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The files that are generated by the IDL-to-Java compiler, in accordance with -the -IDL-to-Java Language Mapping Specification, -which is implemented in Java™ SE 6 -according the compliance document. - - -
In general IDL names and identifiers are mapped to Java names
-and identifiers with no change. Because of the nature of the Java language,
-a single IDL construct may be mapped to several (differently named) Java constructs.
-The additional names are constructed by appending a descriptive suffix.
-For example, the IDL interface
foo is mapped to the Java
fooOperations, and additional
The mapping in effect reserves the use of several names for its own purposes. These are: -
<type>is the name of an IDL defined type. -
<type>-is the name of an IDL defined type (with certain exceptions such as
<basicJavaType>-is one of the Java primitive datatypes that is used by one of the IDL basic datatypes. -
<interface>is the name of an IDL interface type. -
<interface>-is the name of an IDL interface. -
Helper files supply several static methods needed to manipulate the type.
Any insert and extract operations for the type,
-getting the repository id, getting the typecode, and reading
-and writing the type from and to a stream.
The helper class for a mapped IDL interface or abstract interface also
-include narrow operation(s). The static narrow method allows an
-to be narrowed to the object reference of a more specific type.
-The IDL exception
CORBA::BAD_PARAM is thrown if the narrow fails because
-the object reference does not support the requested type. A different system exception
-is raised to indicate other kinds of errors. Trying to narrow
-a null will always succeed with a return value of null.
Support for out and inout parameter passing modes requires the use of additional holder classes.
-These classes are available for all of the basic IDL datatypes in the
-and are generated for all named user defined IDL types except those defined by typedefs.
-(Note that in this context user defined includes types that are defined in OMG specifications
-such as those for the Interface Repository, and other OMG services.)
Each holder class has a constructor from an instance, a default constructor, and has
-a public instance member,
value which is the typed value. The default constructor
-sets the value field to the default value for the type as defined by the Java language:
-false for boolean, 0 for numeric and char types, null for strings, null for object references.
To support portable stubs and skeletons, holder classes also implement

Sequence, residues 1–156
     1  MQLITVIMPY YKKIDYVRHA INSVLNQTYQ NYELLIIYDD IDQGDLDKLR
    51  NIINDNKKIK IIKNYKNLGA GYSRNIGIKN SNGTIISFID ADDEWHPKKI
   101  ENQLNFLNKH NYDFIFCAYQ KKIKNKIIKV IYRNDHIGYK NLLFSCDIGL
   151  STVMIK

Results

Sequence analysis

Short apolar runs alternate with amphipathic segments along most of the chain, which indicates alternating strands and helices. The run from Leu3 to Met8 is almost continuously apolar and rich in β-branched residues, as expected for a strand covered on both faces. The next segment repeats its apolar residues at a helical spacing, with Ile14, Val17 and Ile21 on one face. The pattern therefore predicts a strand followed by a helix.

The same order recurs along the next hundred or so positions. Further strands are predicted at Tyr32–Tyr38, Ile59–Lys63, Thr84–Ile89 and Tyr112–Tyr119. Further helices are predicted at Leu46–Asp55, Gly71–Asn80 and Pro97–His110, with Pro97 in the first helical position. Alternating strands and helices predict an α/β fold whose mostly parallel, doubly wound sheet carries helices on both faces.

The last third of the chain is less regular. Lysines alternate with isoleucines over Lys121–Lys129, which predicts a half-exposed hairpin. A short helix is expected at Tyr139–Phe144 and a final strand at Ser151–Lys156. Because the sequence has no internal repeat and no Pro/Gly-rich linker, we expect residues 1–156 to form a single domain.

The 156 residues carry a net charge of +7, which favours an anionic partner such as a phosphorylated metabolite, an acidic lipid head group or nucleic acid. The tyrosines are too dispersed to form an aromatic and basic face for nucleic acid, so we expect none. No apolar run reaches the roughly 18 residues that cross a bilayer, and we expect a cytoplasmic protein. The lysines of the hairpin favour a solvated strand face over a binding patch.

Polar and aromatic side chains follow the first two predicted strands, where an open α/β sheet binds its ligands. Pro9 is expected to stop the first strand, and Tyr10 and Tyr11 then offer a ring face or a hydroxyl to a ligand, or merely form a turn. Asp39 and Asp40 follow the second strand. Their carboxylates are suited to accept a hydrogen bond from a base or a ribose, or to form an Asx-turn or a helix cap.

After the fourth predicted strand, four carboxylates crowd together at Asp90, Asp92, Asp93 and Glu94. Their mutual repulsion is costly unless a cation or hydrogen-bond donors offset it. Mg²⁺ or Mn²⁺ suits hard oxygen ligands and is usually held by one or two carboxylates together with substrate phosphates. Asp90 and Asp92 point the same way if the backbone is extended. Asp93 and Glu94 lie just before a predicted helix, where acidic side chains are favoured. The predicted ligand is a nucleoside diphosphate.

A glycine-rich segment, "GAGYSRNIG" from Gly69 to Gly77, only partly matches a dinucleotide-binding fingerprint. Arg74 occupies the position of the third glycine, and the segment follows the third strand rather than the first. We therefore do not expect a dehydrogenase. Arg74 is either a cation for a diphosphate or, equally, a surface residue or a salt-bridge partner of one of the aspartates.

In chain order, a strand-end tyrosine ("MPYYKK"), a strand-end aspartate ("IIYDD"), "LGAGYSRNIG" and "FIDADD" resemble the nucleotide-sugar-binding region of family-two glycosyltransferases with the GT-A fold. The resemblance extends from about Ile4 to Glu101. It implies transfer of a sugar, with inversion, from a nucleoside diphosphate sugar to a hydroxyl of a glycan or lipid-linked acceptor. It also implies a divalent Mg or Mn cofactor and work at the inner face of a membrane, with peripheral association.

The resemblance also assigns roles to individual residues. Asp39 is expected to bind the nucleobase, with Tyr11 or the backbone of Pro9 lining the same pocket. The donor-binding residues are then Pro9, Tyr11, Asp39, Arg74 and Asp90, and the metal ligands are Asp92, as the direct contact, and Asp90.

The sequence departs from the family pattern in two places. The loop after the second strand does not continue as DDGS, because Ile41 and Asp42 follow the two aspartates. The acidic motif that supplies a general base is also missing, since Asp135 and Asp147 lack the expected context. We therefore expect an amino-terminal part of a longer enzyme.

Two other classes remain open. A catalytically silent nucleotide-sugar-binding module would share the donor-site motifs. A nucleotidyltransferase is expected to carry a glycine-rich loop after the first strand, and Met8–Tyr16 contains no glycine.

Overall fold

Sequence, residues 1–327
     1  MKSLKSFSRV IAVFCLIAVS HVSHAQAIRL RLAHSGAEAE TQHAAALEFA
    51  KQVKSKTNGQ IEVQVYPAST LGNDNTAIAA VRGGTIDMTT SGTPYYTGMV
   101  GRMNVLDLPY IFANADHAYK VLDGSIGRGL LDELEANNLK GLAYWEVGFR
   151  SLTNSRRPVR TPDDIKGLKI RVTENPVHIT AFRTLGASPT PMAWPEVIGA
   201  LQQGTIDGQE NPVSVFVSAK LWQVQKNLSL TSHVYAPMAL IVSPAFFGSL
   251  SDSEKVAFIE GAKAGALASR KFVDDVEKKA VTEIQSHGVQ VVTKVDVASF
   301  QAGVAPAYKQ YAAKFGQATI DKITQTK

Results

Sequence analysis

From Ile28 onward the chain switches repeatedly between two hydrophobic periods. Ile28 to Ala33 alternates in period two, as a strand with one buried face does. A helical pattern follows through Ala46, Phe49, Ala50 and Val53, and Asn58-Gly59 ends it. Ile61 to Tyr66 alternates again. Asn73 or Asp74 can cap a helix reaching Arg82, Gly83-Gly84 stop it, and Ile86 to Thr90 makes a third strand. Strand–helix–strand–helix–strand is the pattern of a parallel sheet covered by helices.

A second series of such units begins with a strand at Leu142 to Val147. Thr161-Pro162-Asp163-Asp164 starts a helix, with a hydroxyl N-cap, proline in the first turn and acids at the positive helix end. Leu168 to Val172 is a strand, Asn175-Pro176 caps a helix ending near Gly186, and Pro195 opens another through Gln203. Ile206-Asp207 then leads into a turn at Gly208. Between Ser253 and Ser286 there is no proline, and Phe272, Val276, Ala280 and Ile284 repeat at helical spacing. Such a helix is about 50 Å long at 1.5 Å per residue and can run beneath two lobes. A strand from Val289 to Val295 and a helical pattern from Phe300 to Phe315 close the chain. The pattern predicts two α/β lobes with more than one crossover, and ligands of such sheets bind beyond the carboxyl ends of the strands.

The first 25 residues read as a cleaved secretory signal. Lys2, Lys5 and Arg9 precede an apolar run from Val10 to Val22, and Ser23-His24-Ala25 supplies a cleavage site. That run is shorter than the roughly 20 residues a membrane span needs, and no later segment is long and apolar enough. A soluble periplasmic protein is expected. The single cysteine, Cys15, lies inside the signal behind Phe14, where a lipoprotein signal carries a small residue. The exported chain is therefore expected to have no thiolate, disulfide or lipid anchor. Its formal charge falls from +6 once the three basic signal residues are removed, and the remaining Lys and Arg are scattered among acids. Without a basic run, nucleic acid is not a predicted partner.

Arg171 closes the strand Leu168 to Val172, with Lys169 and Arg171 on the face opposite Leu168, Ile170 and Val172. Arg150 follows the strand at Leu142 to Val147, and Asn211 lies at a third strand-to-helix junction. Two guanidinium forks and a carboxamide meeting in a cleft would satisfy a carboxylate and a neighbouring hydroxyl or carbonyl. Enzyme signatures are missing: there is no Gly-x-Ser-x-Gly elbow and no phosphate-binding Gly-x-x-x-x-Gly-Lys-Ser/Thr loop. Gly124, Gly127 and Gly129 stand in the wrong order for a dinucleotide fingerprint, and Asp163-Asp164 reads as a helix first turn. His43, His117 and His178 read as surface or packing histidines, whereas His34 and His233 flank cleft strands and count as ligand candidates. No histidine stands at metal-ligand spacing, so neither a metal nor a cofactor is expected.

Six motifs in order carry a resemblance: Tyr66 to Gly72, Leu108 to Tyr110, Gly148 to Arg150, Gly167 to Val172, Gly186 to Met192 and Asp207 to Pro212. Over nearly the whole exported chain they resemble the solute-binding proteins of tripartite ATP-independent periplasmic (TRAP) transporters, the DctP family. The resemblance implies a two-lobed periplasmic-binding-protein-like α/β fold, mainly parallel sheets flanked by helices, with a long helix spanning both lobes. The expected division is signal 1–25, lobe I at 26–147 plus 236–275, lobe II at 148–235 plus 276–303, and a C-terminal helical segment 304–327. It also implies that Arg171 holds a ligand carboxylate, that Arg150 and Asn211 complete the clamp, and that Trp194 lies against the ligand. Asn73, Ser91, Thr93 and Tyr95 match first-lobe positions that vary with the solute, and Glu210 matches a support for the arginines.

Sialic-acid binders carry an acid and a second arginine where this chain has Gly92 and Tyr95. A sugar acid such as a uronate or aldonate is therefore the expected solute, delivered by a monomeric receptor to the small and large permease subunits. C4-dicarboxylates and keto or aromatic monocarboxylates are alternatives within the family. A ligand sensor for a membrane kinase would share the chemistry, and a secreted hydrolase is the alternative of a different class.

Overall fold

A non abstract IDL interface is mapped to two public Java interfaces:
-a signature interface and an operations interface.
-The signature interface, which extends
IDLEntity, has the same
-name as the IDL interface name and is used
-as the signature type in method declarations
-when interfaces of the specified type are used in other interfaces.
-The operations interface has the same name as the IDL interface
-with the suffix
-appended to the end and is used in the server-side mapping and as a mechanism
-for providing optimized calls for collocated client and servers.
The Java operations interface contains the mapped operation signatures.
-The Java signature interface extends the operations interface,
-the (mapped) base
-as well as
-Methods can be invoked on the signature interface. Interface inheritance
-expressed in IDL is reflected in both the Java signature
-interface and operations interface hierarchies.
For the mapping of a non-object-oriented language, there will be -a programming interface to the stubs for each interface type. Generally, the stubs -will present access to the OMG IDL-defined operations on an object in a way that is easy -for programmers to predict once they are familiar with OMG IDL and the language mapping -for the particular programming language. The stubs make calls on the rest of the ORB -using interfaces that are private to, and presumably optimized for, the particular ORB Core. -If more than one ORB is available, there may be different stubs -corresponding to the different ORBs. In this case, it is necessary for -the ORB and language mapping to cooperate to associate -the correct stubs with the particular object reference. - -
Object-oriented programming languages, such as Java,
-C++, and Smalltalk, do not require stub interfaces.
- - -